Parallel Application Software on High Performance Computers  Parallel Diagonalisation Routines.
, 1996
"... In this report we list diagonalisation routines available for parallel computers. The methodology of each routine is outlined together with benchmark results on a typical matrix where available. Storage requirements and advantages and disadvantages of the method are also compared. The vast majority ..."
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Cited by 6 (1 self)
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In this report we list diagonalisation routines available for parallel computers. The methodology of each routine is outlined together with benchmark results on a typical matrix where available. Storage requirements and advantages and disadvantages of the method are also compared. The vast majority of these routines are available for real dense symmetric matrices only, although there is a known requirement for other data types  such as Hermitian or structured sparse matrices. We will report on new codes as they become available. This report is available from http://www.dl.ac.uk/TCSC/HPCI/ c fl1996, Daresbury Laboratory. We do not accept any responsibility for loss or damage arising from the use of information contained in any of our reports or in any communication about our tests or investigations. ii CONTENTS iii Contents 1 Summary 1 1.1 Test Results : : : : : : : : : : : : : : : : : : : : : : : : : : : : : : : : : : : : : : : : : : 2 1.2 Recommendations : : : : : : : : : : :...
Structural preserving model reductions
, 2004
"... Abstract A general framework for structural preserving model reductions by Krylov subspace projection methods is developed. The goal is to preserve any substructures of importance in the matrices L, G, C, B that define the model prescribed by transferfunction H(s) = L*(G + sC)1B. As an applicatio ..."
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Cited by 3 (1 self)
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Abstract A general framework for structural preserving model reductions by Krylov subspace projection methods is developed. The goal is to preserve any substructures of importance in the matrices L, G, C, B that define the model prescribed by transferfunction H(s) = L*(G + sC)1B. As an application, quadratic transfer functions targeted by Su and Craig (J. Guidance, Control, and Dynamics, 14 (1991), pp. 260267.) is revisited, which leads to an improved algorithm than Su's and Craig's original interms of achieving the same approximation accuracy with smaller reduced systems. Other contributions include new GramSchmidt orthogonalization process and newArnoldi process that only orthogonalize the prescribed portion of all basis vectors as opposing to whole vectors by existing counterparts. These new processes are designedas one way to numerically realize the idea in the general framework.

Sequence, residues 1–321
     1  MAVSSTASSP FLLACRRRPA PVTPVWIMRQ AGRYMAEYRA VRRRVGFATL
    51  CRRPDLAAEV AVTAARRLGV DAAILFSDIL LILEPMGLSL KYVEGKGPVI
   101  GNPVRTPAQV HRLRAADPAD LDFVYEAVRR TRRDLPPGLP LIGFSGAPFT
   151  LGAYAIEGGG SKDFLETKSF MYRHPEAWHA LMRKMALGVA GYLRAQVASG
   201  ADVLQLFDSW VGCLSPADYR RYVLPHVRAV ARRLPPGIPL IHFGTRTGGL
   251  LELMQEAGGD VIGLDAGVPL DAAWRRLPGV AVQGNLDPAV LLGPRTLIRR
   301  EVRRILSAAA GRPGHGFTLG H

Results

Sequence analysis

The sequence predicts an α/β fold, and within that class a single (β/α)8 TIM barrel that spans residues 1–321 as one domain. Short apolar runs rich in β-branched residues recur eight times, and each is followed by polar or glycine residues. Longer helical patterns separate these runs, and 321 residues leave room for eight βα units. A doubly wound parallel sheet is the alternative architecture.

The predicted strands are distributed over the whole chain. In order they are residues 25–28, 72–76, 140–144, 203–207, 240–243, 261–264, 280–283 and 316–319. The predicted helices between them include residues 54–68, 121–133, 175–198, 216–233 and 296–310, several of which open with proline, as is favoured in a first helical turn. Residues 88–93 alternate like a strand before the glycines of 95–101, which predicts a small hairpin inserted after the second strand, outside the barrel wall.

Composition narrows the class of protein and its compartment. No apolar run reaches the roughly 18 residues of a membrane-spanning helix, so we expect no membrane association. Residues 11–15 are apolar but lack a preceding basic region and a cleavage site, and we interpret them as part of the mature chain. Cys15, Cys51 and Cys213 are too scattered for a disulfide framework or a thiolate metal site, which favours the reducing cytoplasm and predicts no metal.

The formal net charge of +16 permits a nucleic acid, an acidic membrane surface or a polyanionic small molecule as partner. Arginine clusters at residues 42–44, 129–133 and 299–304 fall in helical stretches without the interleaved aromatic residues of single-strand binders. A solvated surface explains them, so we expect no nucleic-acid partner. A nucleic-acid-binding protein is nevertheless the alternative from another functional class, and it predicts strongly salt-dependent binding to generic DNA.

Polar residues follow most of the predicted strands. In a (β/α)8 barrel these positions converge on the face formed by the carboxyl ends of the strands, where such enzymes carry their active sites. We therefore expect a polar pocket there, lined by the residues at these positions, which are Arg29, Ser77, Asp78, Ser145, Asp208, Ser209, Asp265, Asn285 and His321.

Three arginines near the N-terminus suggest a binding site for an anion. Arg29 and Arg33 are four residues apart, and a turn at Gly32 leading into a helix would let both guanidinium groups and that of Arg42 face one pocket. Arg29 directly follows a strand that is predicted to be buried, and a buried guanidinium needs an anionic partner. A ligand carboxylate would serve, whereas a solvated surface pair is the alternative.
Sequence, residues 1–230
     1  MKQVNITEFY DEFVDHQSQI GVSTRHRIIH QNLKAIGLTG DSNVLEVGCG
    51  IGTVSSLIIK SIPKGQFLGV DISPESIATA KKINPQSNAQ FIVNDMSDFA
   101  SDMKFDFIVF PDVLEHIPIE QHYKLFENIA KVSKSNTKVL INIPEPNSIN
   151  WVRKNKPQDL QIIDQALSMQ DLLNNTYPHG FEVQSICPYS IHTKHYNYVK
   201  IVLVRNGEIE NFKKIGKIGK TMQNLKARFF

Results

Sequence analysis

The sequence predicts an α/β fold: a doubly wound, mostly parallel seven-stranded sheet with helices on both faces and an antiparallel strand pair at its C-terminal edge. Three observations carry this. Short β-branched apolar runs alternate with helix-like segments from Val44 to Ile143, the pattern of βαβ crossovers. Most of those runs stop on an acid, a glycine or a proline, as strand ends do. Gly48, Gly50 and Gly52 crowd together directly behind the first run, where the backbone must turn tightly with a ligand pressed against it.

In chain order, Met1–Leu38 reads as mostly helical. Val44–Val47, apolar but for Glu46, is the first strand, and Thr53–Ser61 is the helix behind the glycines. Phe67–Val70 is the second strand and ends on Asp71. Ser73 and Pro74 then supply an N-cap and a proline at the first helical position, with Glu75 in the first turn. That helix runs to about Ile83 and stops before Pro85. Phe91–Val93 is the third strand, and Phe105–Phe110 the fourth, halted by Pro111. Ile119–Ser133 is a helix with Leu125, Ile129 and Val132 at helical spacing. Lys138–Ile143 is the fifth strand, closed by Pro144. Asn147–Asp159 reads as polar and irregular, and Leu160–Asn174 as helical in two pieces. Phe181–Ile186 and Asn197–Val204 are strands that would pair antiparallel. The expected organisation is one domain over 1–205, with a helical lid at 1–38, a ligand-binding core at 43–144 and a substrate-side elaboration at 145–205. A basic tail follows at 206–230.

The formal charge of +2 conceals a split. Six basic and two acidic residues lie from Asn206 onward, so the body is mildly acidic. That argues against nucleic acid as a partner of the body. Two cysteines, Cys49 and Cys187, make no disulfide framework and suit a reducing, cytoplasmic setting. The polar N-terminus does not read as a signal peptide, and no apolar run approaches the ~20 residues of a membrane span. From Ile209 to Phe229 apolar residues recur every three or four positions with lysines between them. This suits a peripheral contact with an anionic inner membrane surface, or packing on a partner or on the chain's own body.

Iterative methods for solving Ax = b: GMRES/FOM versus QMR/BiCG
 Advances in Computational Mathematics
, 1996
"... We study the convergence of GMRES/FOM and QMR/BiCG methods for solving nonsymmetric Ax = b. We prove that given the results of a BiCG computation on Ax = b, we can obtain a matrix B with the same eigenvalues as A and a vector c such that the residual norms generated by a FOM computation on Bx = c ar ..."
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Cited by 3 (0 self)
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We study the convergence of GMRES/FOM and QMR/BiCG methods for solving nonsymmetric Ax = b. We prove that given the results of a BiCG computation on Ax = b, we can obtain a matrix B with the same eigenvalues as A and a vector c such that the residual norms generated by a FOM computation on Bx = c are identical to those generated by the BiCG computations. Using a unitary equivalence for each of these methods, we obtain test problems where we can easily vary certain spectral properties of the matrices. We use these test problems to study the effects of nonnormality on the convergence of GMRES and QMR, to study the effects of eigenvalue outliers on the convergence of QMR, and to compare the convergence of restarted GMRES and QMR across a family of normal and nonnormal problems. Our GMRES tests on nonnormal test matrices indicate that nonnormality can have unexpected effects upon the residual norm convergence, giving misleading indications of superior convergence when the error norms for G...